SP0154: The Kohlrabi Collective

Status: COMPLETED March 2016 - November 2016

The Kohlrabi Collective is a cross-campus collaboration among the McGill Farmers’ Market, the Macdonald Student-Run Ecological gardens (MSEG) and Organic Campus, to establish self-reinforcing partnerships and overcome individual/group challenges. While in the short-term these groups working together will see an increase in the supply and distribution channels of student-grown food on both campuses, in the long-term they aim to raise awareness of local food, and change the habits of consumers. 

Read the full project description

At McGill, there are three independent, ongoing student-run food projects: The McGill Farmer’s Market (MFM), the Macdonald Student-Run Ecological Gardens (MSEG), and Organic Campus (OC), that produce, promote and distribute local food on both campuses. To date, there has been little attempt to realize and act upon the potential to form collaborations, and as a result, the community of student food groups is broken, and the groups are acting in isolation despite sharing similar mandates and mantras.

In 2015, an Applied Student Research project was conducted to identify challenges faced by these organizations, and the solution proposed was to unite the groups in an official business partnership under the guise of a student-run local food collective to be known as the Kohlrabi Collective.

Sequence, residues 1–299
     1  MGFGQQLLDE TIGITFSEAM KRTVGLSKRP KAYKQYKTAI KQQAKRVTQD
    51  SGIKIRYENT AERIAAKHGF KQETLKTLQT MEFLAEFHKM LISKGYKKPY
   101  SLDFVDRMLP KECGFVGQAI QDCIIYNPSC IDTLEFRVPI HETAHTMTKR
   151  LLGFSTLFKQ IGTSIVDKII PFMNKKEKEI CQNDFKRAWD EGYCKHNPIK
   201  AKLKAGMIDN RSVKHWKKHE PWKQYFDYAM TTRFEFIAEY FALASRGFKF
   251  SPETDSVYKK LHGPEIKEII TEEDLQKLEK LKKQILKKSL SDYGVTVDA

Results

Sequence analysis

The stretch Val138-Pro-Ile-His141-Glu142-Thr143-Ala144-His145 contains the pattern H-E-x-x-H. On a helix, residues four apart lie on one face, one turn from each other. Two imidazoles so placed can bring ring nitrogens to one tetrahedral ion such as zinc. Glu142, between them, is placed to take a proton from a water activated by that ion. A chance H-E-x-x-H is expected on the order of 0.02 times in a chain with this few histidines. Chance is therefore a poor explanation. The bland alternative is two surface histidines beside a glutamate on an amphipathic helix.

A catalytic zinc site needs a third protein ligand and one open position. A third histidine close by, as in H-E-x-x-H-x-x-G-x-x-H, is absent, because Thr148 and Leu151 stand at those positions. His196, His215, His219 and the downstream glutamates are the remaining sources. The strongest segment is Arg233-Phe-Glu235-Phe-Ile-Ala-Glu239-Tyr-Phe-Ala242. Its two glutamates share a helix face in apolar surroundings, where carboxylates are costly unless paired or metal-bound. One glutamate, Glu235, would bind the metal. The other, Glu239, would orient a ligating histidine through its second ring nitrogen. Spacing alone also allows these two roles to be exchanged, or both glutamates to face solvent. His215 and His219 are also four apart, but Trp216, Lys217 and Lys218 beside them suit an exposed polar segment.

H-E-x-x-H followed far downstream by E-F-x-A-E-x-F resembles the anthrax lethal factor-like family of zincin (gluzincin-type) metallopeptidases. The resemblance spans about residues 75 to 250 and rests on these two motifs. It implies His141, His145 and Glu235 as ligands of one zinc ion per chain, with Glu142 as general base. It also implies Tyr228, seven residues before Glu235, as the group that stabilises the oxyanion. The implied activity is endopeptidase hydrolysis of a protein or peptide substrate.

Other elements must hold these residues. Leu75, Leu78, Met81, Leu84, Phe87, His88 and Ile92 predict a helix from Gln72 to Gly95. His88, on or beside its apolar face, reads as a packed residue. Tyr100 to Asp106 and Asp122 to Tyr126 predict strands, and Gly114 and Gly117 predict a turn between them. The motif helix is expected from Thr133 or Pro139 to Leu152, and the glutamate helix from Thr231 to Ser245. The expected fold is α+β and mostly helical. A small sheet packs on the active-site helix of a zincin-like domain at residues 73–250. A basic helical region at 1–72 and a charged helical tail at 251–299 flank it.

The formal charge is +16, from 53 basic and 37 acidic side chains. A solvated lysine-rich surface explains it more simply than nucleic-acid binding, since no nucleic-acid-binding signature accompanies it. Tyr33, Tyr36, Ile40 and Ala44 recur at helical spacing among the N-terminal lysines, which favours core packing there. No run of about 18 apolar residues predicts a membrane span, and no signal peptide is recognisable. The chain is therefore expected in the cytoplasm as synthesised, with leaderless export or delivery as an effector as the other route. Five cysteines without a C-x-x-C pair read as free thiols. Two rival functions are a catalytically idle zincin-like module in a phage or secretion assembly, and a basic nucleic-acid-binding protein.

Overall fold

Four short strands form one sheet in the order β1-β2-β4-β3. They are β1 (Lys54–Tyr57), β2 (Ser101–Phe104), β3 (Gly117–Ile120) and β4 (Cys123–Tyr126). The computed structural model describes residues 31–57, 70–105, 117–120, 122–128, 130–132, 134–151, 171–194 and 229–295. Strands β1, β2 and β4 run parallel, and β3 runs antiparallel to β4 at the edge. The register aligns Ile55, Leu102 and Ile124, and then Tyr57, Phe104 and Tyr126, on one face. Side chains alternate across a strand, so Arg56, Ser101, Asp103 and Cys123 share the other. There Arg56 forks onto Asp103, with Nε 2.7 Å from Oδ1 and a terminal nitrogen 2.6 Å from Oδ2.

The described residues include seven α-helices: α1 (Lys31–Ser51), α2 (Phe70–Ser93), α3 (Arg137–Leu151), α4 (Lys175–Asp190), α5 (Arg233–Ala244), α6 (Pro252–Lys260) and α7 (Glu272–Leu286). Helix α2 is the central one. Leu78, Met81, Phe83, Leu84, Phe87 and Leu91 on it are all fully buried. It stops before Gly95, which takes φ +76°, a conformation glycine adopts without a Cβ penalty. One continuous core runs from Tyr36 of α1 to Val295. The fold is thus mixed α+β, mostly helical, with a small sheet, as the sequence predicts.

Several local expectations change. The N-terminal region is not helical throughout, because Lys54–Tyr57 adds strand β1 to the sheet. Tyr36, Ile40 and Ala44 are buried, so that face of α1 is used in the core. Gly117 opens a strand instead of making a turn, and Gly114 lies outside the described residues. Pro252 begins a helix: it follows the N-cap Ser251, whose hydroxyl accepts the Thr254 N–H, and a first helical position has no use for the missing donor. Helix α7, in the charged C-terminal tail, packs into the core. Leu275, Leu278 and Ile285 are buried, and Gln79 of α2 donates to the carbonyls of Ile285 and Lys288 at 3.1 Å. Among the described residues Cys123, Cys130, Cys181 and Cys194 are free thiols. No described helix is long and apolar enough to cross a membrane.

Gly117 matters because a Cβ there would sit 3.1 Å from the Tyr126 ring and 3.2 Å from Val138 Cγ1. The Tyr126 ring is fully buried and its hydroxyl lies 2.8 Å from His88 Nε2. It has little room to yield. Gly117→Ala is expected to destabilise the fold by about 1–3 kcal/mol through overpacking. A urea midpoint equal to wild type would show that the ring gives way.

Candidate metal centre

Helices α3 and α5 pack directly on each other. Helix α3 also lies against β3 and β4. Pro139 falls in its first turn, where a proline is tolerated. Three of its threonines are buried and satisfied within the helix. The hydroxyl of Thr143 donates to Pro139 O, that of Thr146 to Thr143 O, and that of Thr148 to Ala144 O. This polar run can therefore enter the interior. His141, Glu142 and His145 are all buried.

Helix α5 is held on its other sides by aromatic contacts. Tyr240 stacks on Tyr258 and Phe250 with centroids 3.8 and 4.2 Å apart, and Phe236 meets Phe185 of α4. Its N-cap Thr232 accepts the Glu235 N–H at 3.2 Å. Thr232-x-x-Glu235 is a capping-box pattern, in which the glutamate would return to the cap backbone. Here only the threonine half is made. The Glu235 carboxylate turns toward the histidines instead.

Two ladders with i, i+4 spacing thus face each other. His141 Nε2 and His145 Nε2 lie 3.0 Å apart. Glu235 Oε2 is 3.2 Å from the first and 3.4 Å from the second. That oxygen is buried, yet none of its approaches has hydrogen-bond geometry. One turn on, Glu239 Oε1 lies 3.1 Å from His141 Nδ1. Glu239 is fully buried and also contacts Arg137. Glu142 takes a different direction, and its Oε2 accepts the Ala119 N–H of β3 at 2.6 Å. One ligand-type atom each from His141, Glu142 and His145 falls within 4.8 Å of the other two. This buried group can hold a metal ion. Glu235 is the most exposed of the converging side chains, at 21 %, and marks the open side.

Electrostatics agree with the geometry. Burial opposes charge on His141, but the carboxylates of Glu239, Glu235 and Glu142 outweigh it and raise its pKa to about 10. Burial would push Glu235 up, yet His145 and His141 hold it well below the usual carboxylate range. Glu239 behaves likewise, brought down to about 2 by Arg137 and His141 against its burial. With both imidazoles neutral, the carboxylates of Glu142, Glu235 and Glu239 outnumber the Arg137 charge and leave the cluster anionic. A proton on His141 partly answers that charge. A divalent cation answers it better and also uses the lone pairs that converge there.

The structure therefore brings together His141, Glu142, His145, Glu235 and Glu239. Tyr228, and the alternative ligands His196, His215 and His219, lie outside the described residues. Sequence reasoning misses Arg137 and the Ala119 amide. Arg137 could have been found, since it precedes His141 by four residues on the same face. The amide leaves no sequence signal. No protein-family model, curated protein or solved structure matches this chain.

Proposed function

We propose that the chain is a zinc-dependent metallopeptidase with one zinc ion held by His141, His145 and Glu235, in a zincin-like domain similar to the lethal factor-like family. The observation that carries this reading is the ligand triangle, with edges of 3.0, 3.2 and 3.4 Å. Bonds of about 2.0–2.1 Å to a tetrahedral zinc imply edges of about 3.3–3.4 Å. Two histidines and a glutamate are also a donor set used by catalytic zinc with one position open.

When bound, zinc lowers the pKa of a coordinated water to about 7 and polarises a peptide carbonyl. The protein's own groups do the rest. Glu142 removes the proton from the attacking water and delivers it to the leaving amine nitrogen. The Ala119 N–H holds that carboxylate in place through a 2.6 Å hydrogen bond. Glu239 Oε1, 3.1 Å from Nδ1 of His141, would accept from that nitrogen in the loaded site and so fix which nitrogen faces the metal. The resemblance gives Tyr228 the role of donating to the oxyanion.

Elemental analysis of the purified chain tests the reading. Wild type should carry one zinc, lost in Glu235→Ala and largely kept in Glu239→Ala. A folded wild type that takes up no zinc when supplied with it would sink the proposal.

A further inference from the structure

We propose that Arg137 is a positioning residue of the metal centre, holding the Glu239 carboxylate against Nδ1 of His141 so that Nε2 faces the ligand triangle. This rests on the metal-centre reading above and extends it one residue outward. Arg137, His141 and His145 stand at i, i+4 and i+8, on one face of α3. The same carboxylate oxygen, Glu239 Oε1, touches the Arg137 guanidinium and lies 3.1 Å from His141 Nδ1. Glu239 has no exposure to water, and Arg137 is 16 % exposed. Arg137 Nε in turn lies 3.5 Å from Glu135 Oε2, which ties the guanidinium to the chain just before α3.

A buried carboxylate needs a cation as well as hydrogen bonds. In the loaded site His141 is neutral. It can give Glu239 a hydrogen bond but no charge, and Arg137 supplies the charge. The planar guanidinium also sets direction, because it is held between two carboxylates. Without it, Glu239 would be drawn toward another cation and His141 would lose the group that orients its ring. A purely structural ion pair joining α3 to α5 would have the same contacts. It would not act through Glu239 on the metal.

In this collective system, the three groups meet twice a term to discuss ways to overcome longer-term barriers to project stability and collaborate on events and outreach activities.

Collaboration between the groups is already well underway, with the MFM now selling baskets of produce on behalf of MSEG and OC, with the goal of future partnerships to open in the retail space of SSMU. In Fall 2016, student produce from the ecological garden will be more accessible to the downtown community through produce basket shares at the market and over the counter sales three days a week in SSMU.

Resources from the SPF will be used to cover the costs of putting the collaboration into action.  In order to meet an increase in demand from the downtown campus, SPF resources will be invested in increasing the efficiency of MSEG’s vegetable production and harvest.

It is the hope of the collective that through cooperation, short-term challenges can be alleviated and the deep connections can be made which will help improve the longevity of each of these endeavours. By working together, these groups can transform the broken student food system into a network that shares its resources to achieve wider campus impact. 

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All photos credit: Monica Allaby

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matthew.lewis.mccor [at] gmail.com (Matthew McCormick)
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